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I wrote “Utility” for a young Hebrew artist whom I’ve ‘met’ on Discord once (I still have the early sketches), but he didn’t have the time to do it. Then, back in 2018 at the Balkans Festival of Young Comics Creators in Leskovac, Serbia, I came across Efi. I say ‘came across’ because we didn’t actually meet then and there. But roughly a month later, I added her on Messenger and we got to talking. Then I did some research of her art and I found it to my taste.

If I recall correctly, it was in early 2019 that I sent Efi Theodoropoulou several of my scripts, “Utility” included. She chose that one and we started working on it, trying to reach a deadline for a Slovenian comic book competition. Naturally, we also considered publishing the short comic somewhere. However, both Serbia and Greece are known as countries whose publishers don’t pay their comic book artists or writers jack shi—I mean, diddly-squat. Needless to say, we couldn’t hope to earn any money from domestic publication. Sadly, I can’t pay my artists anything either, and Efi was aware of this. That’s why I decided to enter “Utility” in as many competitions as possible, to send it to as many editors and as many publishers as possible, and she did the same. I didn’t and still don’t want her art to go to waste, so the least I can do is get it published. Fortunately, Split Rock Review liked our lovely little creation, and here we all are.

There is very little to say about the creative process, at least on my end (Efi will surely read this text before publication, so she might provide more info regarding the subject, at least from her perspective as an artist). There wasn’t any grandiose moment of revelation that made me write “Utility.” I just liked the idea of seeing a red-haired girl and a dog walk in the woods, so I wrote it. As dull as that is, that’s how it happened.

You’ll permit me to say a few words about Efi, however. She did both the art and the coloring for this piece and, interestingly, during our working process, the only thing I asked her to change was two very minor details in two panels. She literally drew the piece almost exactly as I wanted it; if I recall correctly, she just shifted a few of the panels around to fit the narrative better, which I always appreciate with my artists. She never complained, never argued and never showed any signs of stress or fatigue, even though I know for a fact that she works extremely hard on about a billion other things.

But more interestingly, I finally got to meet Efi this year in person, again at the Balkans Festival in Leskovac. She is not only an amazing artist, but also an honest, real friend. A proper pal, so to speak. I never saw a person that adorable who loves a good swig of beer. We became friends quickly, as most Balkan-based comics authors do. Hopefully, if luck will have it, we will stay in touch for some years to come. Neither one of us is sure that we will work together on a new project in the near future, but there will always be room for beer. And, depending on where we are, either a gyros or a ćevap (Google those, you won’t regret it).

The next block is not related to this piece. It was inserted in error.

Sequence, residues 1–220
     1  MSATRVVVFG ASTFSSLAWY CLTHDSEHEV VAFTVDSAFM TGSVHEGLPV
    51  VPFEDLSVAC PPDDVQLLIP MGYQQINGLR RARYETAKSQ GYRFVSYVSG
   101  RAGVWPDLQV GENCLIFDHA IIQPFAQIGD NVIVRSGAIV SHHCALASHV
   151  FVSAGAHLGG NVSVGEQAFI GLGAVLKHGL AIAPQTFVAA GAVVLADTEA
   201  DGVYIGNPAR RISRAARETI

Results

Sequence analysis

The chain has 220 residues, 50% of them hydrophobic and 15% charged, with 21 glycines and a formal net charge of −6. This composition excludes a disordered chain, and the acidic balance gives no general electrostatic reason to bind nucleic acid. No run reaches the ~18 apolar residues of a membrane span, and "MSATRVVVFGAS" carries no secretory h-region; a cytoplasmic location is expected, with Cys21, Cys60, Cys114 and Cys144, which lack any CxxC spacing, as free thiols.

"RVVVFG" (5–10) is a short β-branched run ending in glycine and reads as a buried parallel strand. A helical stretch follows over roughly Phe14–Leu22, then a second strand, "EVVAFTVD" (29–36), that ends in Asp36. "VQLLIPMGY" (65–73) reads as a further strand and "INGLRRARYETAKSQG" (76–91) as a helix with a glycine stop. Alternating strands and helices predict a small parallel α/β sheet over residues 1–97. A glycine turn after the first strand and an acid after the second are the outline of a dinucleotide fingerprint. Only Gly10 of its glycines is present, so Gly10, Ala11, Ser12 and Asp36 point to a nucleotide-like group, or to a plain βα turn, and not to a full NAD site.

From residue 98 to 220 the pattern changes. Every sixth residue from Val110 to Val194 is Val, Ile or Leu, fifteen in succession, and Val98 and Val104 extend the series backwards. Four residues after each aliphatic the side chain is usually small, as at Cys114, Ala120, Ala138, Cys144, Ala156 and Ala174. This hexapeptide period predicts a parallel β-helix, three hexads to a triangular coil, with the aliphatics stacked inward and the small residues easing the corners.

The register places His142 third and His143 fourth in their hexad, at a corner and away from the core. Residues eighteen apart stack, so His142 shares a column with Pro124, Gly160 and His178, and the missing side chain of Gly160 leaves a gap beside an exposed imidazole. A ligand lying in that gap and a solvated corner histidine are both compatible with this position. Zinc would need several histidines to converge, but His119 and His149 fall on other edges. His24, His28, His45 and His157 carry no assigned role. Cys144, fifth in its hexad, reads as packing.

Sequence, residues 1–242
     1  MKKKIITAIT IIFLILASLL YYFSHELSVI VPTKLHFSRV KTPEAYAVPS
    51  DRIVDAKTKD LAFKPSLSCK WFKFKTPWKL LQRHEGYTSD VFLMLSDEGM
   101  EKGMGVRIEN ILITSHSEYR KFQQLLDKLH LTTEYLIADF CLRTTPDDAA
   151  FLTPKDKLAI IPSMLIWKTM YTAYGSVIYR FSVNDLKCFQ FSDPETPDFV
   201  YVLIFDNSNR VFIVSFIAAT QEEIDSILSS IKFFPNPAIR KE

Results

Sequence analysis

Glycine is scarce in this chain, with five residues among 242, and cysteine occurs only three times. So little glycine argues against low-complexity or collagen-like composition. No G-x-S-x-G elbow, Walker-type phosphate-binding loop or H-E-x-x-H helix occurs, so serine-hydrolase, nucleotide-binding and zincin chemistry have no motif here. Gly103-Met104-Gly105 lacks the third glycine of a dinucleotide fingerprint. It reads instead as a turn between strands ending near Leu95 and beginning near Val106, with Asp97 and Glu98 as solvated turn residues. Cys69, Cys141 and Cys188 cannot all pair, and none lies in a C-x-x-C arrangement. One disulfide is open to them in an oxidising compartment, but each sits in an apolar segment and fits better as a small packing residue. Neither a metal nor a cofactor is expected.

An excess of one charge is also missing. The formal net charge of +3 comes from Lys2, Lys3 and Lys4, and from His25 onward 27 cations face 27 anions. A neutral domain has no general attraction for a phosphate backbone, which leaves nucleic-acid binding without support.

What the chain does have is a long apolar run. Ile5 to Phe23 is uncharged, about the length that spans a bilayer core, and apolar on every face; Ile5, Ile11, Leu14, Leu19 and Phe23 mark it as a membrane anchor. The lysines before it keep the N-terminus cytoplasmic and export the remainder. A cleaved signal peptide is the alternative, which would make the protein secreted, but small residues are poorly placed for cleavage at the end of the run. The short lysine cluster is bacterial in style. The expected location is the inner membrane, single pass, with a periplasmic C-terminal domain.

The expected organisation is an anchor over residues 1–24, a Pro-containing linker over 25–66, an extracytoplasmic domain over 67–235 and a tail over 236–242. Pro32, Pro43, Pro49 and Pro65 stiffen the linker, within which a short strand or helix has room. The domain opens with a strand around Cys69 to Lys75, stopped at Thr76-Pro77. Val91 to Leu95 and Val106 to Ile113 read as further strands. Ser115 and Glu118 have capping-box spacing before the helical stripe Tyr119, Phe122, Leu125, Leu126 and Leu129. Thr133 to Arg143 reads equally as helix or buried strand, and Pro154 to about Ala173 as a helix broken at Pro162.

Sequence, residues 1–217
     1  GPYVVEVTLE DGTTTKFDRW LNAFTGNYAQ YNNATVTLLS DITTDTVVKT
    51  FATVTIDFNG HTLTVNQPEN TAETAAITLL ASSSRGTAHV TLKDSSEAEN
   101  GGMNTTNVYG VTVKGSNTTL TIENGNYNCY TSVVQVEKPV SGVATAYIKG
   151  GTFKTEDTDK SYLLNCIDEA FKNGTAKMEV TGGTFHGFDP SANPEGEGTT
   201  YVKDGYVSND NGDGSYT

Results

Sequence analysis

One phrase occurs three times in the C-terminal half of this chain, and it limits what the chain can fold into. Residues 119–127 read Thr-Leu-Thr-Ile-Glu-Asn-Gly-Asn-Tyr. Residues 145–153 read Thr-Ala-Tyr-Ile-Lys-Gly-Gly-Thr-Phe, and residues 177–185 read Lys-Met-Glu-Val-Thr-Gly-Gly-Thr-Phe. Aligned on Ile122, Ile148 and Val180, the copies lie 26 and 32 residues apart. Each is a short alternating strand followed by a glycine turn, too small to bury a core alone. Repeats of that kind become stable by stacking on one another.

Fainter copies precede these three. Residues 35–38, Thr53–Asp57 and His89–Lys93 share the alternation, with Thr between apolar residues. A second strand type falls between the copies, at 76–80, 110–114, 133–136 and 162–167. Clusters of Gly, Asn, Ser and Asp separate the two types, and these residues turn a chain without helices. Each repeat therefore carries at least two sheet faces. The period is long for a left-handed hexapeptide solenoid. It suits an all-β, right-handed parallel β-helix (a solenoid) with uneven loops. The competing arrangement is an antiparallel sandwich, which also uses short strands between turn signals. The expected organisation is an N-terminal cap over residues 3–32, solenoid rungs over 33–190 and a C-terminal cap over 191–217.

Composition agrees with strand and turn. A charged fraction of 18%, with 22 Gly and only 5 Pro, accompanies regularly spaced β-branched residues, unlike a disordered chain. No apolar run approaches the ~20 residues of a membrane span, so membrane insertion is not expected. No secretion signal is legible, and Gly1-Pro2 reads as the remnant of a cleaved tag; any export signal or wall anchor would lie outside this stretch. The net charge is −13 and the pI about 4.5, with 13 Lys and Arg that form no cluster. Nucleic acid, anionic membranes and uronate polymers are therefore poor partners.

Spotlight: Angus Woodward

Angus Woodward on “The Witchy House


I’m a writer, but recently creating visual art has become almost as important to me as creating prose. Maybe a year ago, I started to make drawings based on old photos. These photos showed people and places that were important to me at some point when I was growing up – my family of nine standing on the back deck in 1970, or my dad standing next to the old car he had decorated with fake zebra fur. I began spending more and more time on these drawings because I found that making them was a way to really think through a memory, almost like I was reliving it.

I realized that touching these memories with my pen gave me ideas for writing about them. And so I drew “The Witchy House” and then wrote words to go with it, and it became my first foray into graphic narrative. I am now working on a series of similar pieces, under the working title What Happened Here?

One of the challenges of creating “The Witchy House” was that the reference photo shows the house in 2019, when the fence I’d been thrown over was long gone. I rebuilt it with my pen. That’s the only element of fiction in an otherwise completely true account.

Spotlight: Maison Horton

Maison Horton discusses “On Drought


Every year, Midwestern late-summers act out the same seasonal drama—the sun, the storms, the triumphant resurgence of green—but to me, Nebraskan late-summers in particular always come with an overwhelming feeling of closure. That closure is something I wanted to capture in “On Drought,” a poem that also deals with some themes I find myself returning to in my writing inheritance, time (especially transitions and endings), and nature’s omniscience. 

When I wrote the first draft of this poem, we’d had a particularly hot and sunny few weeks without much rain. The lethargy permeating both the people I knew and the landscape felt so heavy. Then I had thoughts about the Dust Bowl and how eternal those tribulations probably seemed at the time. To me, the connection between the past and the present here was far too apparent to ignore. When these droughts happen, I think it’s easy to pass them off as bad luck or to curse the weather, but times of drought have happened in every generation; in this way, none of us are truly removed from these natural cycles.

The speaker in “On Drought” ruminates on the idea that the land passes down its times of suffering like a gene, and so for the land, suffering is inevitable. It’s fate. The end of the poem sees the beginnings of a union between the defeated addressee and the “locust-trill,” an omen that preludes the land’s eventual (and on-schedule) move into autumn and winter. I look at “On Drought” and many of my poems as ways to explore cusps of great change, whether “cusp” means movements beyond personal thresholds or thresholds that natural cycles create. The poem is simply a means of crossing a boundary into the next cycle. That’s when the truth of a matter starts unraveling.